$500 for a gallon of milk? Breast milk donor bank serves 9 hospitals in NH
A gallon of milk costs more than $500... But it's not what you think.
At the Mothers' Milk Bank Northeast in Newton Falls, Mass., they distribute donor milk, mainly for premature babies in hospitals.
Naomi Bar-Yam, Ph.D, the Executive Director started talking about a breast milk bank a decade ago, but plans didn't come to fruition until 2011. Now they are processing about 1,500 ounces of breast milk daily that are distributed to about 75 hospitals in the Northeast, including nine in New Hampshire. But who donates their breast milk?
Most of the time it's moms who are lucky enough to make more milk than their baby needs. But other times, the situation is more unfortunate.
"Sometimes we have mothers whose babies either were born premature and did not survive or sometimes have full term losses," Bar-Yam says. She says it can be therapeutic for a mother who has suffered a loss to donate to a baby in need.
Bar-Yam says the statistics are overwhelming. Breast milk is better. "Certainly in the last 20 to 30 years the research about the value of human milk is so overwhelming and so compelling. It does matter," Bar-Yam says. "It matters for the nutritional components. It matters for the immunologic components. It matters for brain development. It matters."
It's those reasons that make Danielle Hebert, office manager at Mothers' Milk Bank Northeast, donate her extra breast milk. She has a 3.5 month old son and every morning she pumps after she feeds him in order to help other babies.
"I just think so much love goes into your milk so to be able to share that with babies in need is really moving," Hebert says.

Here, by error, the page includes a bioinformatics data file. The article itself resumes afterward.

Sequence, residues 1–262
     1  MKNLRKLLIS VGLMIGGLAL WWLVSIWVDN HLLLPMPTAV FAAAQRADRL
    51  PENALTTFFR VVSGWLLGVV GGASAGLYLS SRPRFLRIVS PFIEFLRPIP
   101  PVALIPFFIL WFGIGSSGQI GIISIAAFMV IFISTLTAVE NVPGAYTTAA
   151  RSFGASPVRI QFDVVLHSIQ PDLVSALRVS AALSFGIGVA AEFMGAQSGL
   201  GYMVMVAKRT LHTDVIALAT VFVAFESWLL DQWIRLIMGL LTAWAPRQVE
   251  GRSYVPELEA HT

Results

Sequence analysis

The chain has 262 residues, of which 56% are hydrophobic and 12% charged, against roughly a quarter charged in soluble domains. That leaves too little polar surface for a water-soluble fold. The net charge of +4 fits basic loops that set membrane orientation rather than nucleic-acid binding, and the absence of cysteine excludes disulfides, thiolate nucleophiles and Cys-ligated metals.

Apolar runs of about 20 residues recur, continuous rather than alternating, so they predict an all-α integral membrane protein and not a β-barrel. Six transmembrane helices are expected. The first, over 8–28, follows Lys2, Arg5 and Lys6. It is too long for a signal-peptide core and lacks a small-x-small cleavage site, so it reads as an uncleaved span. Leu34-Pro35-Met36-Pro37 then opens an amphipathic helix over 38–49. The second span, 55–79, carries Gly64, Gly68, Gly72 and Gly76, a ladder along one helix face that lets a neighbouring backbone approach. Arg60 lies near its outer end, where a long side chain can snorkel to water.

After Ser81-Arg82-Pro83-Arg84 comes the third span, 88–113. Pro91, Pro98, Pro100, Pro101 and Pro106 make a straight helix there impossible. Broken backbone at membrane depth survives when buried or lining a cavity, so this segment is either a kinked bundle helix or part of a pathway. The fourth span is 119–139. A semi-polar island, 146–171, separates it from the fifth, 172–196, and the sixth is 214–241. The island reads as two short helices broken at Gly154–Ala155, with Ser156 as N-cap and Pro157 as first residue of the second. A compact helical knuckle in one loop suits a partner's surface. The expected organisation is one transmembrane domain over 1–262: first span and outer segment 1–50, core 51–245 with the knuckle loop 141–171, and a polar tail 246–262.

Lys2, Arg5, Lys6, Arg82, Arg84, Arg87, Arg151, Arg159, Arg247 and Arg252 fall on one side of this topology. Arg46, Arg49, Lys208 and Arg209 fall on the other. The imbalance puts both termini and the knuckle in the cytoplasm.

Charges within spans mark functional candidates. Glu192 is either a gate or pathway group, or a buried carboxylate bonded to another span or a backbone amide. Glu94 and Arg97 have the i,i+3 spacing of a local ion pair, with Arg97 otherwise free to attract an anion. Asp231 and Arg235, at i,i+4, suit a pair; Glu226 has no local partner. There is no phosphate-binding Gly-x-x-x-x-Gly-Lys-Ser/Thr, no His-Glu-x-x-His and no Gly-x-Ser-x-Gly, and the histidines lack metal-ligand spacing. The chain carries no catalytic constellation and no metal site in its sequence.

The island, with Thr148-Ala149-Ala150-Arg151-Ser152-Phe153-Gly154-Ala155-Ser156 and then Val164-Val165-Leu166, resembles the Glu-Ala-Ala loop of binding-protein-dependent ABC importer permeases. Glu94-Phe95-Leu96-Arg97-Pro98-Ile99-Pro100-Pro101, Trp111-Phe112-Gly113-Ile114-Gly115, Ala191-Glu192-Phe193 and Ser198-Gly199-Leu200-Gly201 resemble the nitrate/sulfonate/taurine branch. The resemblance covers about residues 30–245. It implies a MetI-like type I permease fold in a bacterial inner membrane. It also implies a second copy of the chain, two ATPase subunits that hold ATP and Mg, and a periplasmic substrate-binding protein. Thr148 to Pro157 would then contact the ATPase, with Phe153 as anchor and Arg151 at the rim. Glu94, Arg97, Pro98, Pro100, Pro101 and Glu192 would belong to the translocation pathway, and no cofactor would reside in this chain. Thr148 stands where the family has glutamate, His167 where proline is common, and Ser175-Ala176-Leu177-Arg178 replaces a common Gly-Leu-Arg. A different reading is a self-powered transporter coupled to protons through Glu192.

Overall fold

But how do they make sure the breast milk is safe for babies? Bar-Yam says there is an extensive screening process even before the milk can be dropped off. The mother must get a blood test that screens for HIV, Hepatitis B and C as well as other diseases and illnesses.
Once the milk is accepted the bags are individually tested then mixed with other breast milk before being pasteurized. Bar-Yam admits some of the healthy antibodies are killed during pasteurization, but not all and it's the only way to make sure the baby receiving the milk will be safe.
Mothers' Milk Bank Northeast is the only breast milk bank in the area but donor milk isn't cheap. Just to cover costs, Bar-Yam says they charge about $4 an ounce, which comes out to $512 a gallon. But, the majority of the milk is used as bridge milk, meaning just until the mother's milk comes in, so many babies may only need a few ounces to get by.
Even so, donor breast milk is still a relatively new study and many insurances won't cover the costs. Bar-Yam says sometimes hospitals will step in and cover the fees. And if they don't and a mom doesn't have money to pay for donor milk, Bar-Yam says they will absorb the cost.
The Mothers' Milk Bank is a 501-c3 non-profit. If you would like to learn more about how to donate milk go to their website - milkbankne.org. They accept financial donations as well that will go to moms who need donor milk for their infants but can't afford it.
The New Hampshire hospitals that have a supply of donor milk on site are: Catholic Medical Center, Concord Hospital, Dartmouth Hitchcock Medical Center, Elliot Hospital, Lakes Region General Hospital, Portsmouth Regional Hospital, Southern New Hampshire Medical Center, St. Joseph's Hospital and Wentworth Douglass Medical Center.